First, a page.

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A tearful Hurley quoted Henry Scott Holland: “‘Death is nothing at all. It does not count. I have only slipped away into the next room. Nothing has happened. Everything remains exactly as it was.…Why should I be out of mind because I am out of sight? I am but waiting for you, for an interval, somewhere very near, just round the corner. All is well.” Hurley recalls traveling with Evelyn Lauder over a 17-year period on behalf of the BCRF. “We’d be up at 4 a.m. to do TV, we’d go to department stores and sign lipsticks all day, we’d light beautiful buildings pink and we’d host big fund-raising dinners,” recalled Hurley. “We’d do this for weeks at a time, and it could be exhausting — but never once did I hear her raise her voice or hear a mean or spiteful word. She saw good in every person.”
“If you google Evelyn Lauder, you’ll see her described as a socialite and philanthropist,” said Walters, a longtime friend. “Philanthropist, certainly. Socialite? She couldn’t have cared less.…The fact that she fought breast cancer and died of ovarian cancer is one of the great ironies and tragedies.”
Evelyn Lauder penned a poignant poem on the day that she learned that her ovarian cancer was most likely terminal — Oct. 20, 2009. In the verse, reproduced in its entirety in the memorial’s program, she captured the dizzying emotions she felt that day: “Shock waves asking circles of questions/How far, how long, how good, how bad/How long? How long?/Shock waves of pain, not for me, but for the loves of my life.…” Seeking to make what she undoubtedly knew would be a hard time for her family a bit easier, before her death she chose the musical selections played by the Empyreal Strings. Among them: “Fascination,” played for the first dance at her wedding, and “Raindrops,” which mother-in-law Estée played to rouse newlyweds Leonard and Evelyn out of bed on a trip to the South of France.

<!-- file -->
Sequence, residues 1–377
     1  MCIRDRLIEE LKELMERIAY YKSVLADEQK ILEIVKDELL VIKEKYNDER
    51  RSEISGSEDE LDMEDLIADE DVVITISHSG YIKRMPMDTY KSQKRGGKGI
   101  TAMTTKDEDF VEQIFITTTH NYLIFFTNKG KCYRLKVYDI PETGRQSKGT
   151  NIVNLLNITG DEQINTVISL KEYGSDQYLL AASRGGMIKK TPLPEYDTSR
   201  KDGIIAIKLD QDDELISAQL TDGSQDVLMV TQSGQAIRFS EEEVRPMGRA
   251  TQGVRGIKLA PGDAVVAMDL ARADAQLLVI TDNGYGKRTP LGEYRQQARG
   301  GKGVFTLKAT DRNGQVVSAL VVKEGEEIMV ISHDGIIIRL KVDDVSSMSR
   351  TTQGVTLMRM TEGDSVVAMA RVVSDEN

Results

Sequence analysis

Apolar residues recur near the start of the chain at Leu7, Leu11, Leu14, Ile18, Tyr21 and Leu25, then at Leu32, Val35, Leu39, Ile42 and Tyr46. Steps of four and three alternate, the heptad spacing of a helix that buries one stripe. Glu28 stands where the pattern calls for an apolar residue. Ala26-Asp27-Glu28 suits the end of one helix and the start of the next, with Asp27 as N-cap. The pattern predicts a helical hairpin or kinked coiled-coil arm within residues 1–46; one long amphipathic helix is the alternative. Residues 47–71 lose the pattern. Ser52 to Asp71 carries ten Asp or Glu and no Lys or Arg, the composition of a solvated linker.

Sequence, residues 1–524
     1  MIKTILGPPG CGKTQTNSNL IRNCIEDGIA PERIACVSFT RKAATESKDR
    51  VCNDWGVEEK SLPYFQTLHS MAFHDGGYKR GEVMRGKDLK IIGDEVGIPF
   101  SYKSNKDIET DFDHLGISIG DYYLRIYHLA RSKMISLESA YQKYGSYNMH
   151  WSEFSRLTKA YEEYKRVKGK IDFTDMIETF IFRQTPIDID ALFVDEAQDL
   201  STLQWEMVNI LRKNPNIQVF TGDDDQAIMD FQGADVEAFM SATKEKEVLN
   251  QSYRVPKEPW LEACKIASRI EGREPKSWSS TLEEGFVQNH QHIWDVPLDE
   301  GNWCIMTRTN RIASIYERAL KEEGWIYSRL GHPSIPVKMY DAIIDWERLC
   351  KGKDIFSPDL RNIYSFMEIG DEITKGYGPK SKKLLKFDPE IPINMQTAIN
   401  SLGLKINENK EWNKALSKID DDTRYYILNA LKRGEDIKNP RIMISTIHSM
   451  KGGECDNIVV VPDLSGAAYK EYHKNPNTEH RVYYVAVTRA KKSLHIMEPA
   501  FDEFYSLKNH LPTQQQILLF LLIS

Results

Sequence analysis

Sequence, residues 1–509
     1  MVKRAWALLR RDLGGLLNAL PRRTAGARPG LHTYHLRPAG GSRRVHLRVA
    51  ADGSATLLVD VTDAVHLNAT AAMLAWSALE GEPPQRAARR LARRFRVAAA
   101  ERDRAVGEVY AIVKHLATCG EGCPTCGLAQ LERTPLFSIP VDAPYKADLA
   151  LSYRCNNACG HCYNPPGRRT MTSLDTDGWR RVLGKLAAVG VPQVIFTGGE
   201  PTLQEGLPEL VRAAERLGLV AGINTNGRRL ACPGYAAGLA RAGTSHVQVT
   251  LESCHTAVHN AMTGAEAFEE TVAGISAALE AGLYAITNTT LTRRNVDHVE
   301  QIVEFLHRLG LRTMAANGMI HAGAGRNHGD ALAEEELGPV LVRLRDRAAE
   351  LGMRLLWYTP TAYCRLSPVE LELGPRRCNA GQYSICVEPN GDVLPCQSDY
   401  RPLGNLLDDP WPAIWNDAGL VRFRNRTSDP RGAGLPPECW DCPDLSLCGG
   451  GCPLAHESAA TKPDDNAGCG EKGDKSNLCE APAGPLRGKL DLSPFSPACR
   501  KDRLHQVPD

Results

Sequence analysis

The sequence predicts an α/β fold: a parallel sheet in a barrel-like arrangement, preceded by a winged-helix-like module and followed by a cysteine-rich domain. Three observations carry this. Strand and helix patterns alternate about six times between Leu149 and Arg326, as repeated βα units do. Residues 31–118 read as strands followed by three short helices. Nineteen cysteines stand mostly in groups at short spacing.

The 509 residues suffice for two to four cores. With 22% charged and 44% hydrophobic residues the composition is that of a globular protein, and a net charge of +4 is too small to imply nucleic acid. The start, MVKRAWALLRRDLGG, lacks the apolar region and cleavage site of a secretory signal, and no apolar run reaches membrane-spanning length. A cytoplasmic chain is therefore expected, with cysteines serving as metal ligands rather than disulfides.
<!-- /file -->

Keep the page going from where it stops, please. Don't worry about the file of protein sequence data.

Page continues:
Dr. Larry Norton, scientific director and chairman of the executive board of scientific advisers for the BCRF for the past 20 years, called Evelyn Lauder “a visionary.”
“She was not satisfied with state of the art; she had to push forward always,” said Norton. Speaking of their many spiritual conversations near the end of Evelyn Lauder’s life, he quoted Australian poet Adam Lindsay Gordon: “Life is mostly froth and bubble/Two things stand like stone/Kindness in another’s trouble/Courage in your own.”
“We’re all in this together,” Norton told the audience. “Her message is that we must all be healers.”
Evelyn Lauder’s grandchildren recalled their grandmother — whom they called Evie — having a passion for feeding them. “I’m a foodie,” said Rachel Lauder. “But I wasn’t always this way. When I was a child, I was a very picky eater — I would only eat four things: grilled cheese, bacon, strawberries and Evie’s chicken. Whenever I went over, she had it waiting for me.…She made it with love, love for her granddaughter.…The most loving memories I have of her are when as a family when we would sit down and have a meal together. I will miss her always.”
“Of all the meals I’ve had in my life, nothing will ever compare to a pancake breakfast made by Evelyn Lauder,” said Joshua Lauder. “She loved to watch me eat and grow, like every Jewish grandmother.”
“Grandmothers are like fudge — mostly sweet and a little nutty,” said Danielle Lauder. “This was my grandmother: awfully delicious and full of surprises. Evie was the perfect mixture of salty and sweet, soft and crunchy, and those ingredients that no one could quite pinpoint.…She was my rock and my inspiration, but above all she was my friend.” Danielle also recalled a dinner discussion concerning politics. In the middle of it, she remembered, Evelyn leaned over and whispered into her ear, “Have you ever kissed a boy?”
“I told what any granddaughter would tell their grandmother,” Danielle Lauder said to laughter from the crowd. “I told her boys have cooties and I’ve never interacted with them.”
“It has been just over two months since the passing of my grandmother Evie, but the gaping hole in my heart has yet to heal,” Eliana Lauder said. “Evie, this was your final bout with cancer, but you will and forever be a champion for overcoming adversities, because you never stopped fighting.”
Daughter-in-law Laura Lauder said she benefited from advice given by Estée Lauder to Evelyn Lauder: “Keep your mouth shut and your pocketbook open.”
“Those were words to the wise from Estée to Evie, to ensure the best relationship between mothers-in-law and their daughters-in-law,” said Laura Lauder. “Evie listened well. She was a generous, warm, adventurous and tender-hearted mother-in-law.”
The service closed with a touching video montage of Evelyn Lauder’s life, including family home movies.
“May her light be a gift which will abide for us forever; her memory will always be a blessing,” said Rabbi Peter J. Rubinstein.